The Oaks Ignore Their Pleas

Wendy Kopp in The Atlantic on the US Education System

Posted in General by Jeff Graves on October 27, 2013

Today, academic mediocrity comes at a much higher price. The U.S. used to lead the world in the percentage of students graduating from high school and earning college degrees. Now about 20 countries outpace us. Perspective is relative, and Ripley argues that standing still while the rest of the world pulls ahead is falling behind. America’s marginal gains are not cutting it against a steep new learning curve. Sticking with schools that were designed for another era, as Ravitch suggests, would leave more of our citizens increasingly ill-equipped to compete for high-skill, high-paying jobs.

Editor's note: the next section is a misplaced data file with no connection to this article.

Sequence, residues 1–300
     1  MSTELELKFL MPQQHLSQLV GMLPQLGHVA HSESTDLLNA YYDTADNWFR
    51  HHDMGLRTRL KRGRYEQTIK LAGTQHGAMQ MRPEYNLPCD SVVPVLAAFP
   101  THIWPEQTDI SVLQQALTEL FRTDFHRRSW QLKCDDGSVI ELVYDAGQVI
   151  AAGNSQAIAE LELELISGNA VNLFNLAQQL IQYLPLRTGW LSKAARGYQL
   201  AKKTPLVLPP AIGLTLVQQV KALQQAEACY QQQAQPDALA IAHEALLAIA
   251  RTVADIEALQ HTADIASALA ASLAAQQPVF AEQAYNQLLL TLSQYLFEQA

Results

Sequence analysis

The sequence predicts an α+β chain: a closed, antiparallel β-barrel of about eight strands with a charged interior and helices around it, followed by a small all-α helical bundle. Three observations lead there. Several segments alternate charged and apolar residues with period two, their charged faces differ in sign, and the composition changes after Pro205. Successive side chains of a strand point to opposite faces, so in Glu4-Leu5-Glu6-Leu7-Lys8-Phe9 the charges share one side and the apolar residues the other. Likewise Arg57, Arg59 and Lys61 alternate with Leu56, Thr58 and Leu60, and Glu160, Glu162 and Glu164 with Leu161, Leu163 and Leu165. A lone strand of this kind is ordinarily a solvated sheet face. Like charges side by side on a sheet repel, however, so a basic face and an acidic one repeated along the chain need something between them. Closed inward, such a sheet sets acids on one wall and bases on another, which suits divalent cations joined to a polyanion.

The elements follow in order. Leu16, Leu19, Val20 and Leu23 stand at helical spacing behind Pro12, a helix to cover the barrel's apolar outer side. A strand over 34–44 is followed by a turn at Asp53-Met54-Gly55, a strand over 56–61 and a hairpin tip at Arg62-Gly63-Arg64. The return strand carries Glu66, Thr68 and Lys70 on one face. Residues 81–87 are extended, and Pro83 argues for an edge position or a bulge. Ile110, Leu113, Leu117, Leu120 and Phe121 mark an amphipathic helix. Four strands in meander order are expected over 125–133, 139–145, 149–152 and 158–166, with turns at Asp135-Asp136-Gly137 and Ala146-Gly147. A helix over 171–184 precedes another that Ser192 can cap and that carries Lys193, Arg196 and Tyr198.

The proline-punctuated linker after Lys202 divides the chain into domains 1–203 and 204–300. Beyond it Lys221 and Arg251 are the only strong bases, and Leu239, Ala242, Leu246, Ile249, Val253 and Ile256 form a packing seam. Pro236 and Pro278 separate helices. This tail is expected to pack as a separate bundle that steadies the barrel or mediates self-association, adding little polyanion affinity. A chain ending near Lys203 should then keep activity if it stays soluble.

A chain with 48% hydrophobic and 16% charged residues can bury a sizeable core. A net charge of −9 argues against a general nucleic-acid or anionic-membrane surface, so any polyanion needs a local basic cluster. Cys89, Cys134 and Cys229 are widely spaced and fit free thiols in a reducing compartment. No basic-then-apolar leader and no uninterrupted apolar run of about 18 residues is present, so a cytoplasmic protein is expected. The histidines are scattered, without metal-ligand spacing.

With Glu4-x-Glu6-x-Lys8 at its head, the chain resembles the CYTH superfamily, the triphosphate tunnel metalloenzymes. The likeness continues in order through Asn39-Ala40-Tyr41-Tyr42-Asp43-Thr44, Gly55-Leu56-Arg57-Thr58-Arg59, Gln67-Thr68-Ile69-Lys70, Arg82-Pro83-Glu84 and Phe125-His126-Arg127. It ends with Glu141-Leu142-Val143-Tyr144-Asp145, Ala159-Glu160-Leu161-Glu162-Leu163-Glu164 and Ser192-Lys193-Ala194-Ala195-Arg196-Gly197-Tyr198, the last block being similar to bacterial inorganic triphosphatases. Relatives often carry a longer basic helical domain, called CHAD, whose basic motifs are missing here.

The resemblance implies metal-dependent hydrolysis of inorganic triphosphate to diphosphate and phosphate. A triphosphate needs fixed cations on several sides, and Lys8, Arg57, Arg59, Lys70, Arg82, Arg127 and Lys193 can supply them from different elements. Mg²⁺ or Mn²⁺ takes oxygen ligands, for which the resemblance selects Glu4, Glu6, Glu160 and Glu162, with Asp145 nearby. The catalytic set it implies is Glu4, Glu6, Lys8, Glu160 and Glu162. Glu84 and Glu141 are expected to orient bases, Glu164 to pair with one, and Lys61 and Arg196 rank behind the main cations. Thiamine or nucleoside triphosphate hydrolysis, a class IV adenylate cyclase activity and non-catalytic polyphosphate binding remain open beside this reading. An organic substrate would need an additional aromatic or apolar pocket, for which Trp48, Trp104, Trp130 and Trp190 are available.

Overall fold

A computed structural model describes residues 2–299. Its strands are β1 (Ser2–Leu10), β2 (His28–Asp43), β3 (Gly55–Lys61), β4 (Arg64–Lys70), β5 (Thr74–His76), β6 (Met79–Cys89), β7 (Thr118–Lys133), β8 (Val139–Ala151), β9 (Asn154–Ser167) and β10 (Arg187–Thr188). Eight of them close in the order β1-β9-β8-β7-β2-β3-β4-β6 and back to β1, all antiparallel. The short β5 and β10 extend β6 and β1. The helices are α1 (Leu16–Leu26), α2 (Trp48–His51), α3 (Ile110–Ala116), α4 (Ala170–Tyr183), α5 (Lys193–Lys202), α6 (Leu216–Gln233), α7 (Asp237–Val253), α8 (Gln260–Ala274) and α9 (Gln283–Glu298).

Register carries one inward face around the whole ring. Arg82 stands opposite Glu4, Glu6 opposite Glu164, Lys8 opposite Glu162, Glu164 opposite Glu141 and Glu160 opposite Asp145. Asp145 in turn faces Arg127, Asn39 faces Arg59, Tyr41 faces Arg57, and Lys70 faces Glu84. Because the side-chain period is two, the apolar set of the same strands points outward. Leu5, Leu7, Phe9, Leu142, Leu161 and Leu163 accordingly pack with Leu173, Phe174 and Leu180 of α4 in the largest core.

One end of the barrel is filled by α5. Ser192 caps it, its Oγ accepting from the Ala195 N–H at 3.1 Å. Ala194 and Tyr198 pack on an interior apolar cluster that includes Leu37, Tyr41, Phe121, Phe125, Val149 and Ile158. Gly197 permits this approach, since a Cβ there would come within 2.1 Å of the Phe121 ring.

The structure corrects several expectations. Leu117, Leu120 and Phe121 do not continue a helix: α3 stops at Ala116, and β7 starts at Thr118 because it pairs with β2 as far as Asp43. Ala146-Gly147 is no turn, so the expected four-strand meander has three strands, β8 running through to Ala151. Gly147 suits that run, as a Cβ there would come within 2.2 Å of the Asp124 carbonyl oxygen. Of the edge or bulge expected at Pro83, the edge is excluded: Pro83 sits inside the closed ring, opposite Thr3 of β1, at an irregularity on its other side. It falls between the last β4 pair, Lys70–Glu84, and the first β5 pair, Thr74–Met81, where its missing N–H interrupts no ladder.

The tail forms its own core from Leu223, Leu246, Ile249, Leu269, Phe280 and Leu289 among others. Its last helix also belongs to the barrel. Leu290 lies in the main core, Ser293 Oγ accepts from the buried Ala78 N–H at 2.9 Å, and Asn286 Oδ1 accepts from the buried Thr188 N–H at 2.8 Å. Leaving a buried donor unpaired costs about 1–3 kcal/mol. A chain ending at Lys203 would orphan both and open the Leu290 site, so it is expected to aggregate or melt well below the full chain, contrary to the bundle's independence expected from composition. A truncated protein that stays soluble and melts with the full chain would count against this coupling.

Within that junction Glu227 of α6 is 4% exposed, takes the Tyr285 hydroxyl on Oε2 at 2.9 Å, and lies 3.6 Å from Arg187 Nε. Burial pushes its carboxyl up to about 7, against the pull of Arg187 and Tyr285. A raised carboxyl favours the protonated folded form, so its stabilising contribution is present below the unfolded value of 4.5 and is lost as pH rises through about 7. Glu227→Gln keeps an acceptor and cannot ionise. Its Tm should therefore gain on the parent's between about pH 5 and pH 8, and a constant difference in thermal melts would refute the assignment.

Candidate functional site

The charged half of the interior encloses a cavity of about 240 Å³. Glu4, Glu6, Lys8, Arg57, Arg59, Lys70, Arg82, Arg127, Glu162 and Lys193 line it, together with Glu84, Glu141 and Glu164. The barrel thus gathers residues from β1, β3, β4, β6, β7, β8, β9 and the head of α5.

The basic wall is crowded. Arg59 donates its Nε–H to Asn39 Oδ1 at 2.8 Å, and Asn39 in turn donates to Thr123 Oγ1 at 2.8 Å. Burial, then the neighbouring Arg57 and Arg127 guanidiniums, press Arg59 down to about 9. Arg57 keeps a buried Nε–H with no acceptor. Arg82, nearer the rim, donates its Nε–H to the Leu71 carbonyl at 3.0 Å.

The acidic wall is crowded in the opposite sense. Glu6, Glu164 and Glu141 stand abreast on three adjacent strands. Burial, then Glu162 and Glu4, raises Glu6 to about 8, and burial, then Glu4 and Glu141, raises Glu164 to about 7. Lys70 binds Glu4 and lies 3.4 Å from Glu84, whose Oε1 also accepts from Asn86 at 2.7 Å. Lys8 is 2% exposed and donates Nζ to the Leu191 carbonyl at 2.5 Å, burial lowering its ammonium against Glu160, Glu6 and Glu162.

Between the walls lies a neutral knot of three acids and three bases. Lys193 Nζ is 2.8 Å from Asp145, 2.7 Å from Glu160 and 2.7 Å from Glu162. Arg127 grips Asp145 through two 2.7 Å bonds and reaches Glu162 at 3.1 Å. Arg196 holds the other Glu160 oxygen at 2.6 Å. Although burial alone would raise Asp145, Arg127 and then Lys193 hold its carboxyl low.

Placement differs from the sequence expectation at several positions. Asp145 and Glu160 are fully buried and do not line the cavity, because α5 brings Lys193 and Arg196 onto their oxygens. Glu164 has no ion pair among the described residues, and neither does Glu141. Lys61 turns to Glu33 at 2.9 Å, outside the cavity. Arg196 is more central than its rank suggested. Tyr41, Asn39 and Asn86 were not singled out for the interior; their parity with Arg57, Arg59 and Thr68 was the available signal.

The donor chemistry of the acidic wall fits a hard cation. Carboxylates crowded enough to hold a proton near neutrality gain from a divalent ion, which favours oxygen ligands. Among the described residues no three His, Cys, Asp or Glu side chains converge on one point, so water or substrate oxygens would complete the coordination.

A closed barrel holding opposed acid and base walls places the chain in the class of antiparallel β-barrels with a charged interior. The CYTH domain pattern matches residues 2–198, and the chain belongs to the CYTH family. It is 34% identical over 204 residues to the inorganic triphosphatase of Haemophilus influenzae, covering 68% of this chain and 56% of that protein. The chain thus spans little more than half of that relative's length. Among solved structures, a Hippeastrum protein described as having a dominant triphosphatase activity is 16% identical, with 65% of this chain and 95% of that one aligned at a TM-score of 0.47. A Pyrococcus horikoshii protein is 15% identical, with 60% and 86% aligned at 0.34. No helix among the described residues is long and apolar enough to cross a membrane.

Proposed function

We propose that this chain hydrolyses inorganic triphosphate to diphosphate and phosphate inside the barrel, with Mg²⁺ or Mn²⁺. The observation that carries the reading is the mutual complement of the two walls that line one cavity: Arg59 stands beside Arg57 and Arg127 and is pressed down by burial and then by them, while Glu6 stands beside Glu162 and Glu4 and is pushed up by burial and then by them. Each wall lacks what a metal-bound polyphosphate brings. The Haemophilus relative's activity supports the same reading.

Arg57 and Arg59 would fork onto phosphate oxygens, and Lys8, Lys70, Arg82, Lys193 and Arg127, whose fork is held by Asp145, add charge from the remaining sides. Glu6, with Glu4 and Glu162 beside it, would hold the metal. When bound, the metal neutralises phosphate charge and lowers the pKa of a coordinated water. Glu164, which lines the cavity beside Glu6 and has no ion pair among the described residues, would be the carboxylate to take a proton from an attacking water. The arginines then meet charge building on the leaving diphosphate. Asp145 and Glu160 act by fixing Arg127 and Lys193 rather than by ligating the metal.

Do American Schools Need to Change? Depends What You Compare Them To, Wendy Kopp in The Atlantic

Kopp compares 2 current books on education, Diane Ravitch’s Reign of Error and Amanda Ripley’s The Smartest Kids in the World, which view the US education systems through very different lenses.  Kopp makes the argument that Ravitch’s position that there is no crisis in the US education system ignores the global reality that the US has slid behind many countries in terms of results, despite the fact that we spend more per pupil than almost any country.

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